Reviews and Commentary

BBC: More Short Trips
Paul Farnsworth

In his second incarnation, the doctor bought a double-glazed window that would show him any view he desired, forever. While Ace is exploring in the Tardis, out of boredom, she eventually finds a padlocked door. She views locked doors as open invitations and sets about opening it. It's too large to pick, so she levers it open with a jemmy (small crowbar) and the Doctor catches her in the act. When he scolds her for not having respect for others privacy, she feels guilty. The Doctor is one of the few people capable of that. He's genuinely upset at her and she apologizes while heading back to the Console room. Meanwhile, the Doctor chooses to seal the room permanently.

KP Says:

It's a pretty simple story, and obviously, I skipped the beginning of it, and it is about the Doctor and his past. But, the moment with Ace is nice because it illustrates the parental influence he has on her. Most of his companions are displayed as acquaintances, friends, allies, equals, or otherwise adult. The fact that Seven Doc treats Ace like the ingenious delinquent, but fundamentally eager to please child she is, reminds me of First Doc. He had Susan and Vicki as surrogate children that he not only had to protect, like all his companions, but teach as well. With the exception of Adric, who seemed often willfully stupid and selfish in his goals, there's been a bit of a dry spell. In other words, this was a classic "hand caught in the cookie jar" story, where the parent reprimands their (surrogate) child, who then slinks away in shame.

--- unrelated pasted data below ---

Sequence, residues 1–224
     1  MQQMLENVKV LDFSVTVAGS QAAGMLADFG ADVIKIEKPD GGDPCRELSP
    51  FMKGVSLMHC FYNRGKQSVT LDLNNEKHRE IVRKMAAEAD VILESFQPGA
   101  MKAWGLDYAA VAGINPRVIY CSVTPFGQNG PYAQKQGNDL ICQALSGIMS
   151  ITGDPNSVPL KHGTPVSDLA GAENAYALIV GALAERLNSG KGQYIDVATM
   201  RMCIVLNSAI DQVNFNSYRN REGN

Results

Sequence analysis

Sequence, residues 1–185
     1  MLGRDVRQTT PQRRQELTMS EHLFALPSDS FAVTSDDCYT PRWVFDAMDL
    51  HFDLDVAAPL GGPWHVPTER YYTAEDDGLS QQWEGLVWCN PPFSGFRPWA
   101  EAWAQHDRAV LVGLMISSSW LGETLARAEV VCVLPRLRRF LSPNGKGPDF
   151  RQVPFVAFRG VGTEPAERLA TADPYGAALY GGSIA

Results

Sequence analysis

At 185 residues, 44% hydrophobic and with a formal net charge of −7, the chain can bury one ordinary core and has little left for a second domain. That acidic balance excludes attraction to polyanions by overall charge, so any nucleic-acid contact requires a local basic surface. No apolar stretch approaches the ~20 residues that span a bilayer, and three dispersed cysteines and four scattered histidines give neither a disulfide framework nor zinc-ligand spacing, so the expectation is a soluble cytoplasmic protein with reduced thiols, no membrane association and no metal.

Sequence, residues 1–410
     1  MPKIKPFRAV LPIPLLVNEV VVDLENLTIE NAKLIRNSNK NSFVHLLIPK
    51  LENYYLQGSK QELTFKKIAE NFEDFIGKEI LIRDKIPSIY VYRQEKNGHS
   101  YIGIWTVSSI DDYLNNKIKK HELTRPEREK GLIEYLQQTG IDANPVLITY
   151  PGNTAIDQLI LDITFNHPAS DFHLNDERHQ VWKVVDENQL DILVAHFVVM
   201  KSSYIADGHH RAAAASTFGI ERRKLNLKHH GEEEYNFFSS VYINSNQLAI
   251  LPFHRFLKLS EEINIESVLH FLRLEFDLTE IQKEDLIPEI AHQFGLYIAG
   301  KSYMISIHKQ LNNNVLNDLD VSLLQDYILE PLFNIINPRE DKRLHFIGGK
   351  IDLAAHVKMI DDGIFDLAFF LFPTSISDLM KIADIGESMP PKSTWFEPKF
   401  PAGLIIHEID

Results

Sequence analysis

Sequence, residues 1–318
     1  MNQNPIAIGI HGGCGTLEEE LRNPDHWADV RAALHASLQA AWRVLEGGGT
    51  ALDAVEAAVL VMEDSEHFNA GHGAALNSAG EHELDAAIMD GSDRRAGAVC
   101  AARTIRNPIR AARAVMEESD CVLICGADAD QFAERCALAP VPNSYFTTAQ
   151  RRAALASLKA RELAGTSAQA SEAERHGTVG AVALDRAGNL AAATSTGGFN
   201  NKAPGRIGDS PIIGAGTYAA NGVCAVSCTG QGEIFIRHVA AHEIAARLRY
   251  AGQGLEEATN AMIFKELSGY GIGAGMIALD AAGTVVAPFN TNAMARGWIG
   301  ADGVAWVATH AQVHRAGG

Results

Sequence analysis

KC Says:

I thought this was a nice glimps at the teenage Ace that we knew from the TV. It showed her desire to explore that which she really shouldn't and shows her rebelious nature, that often got her in trouble.

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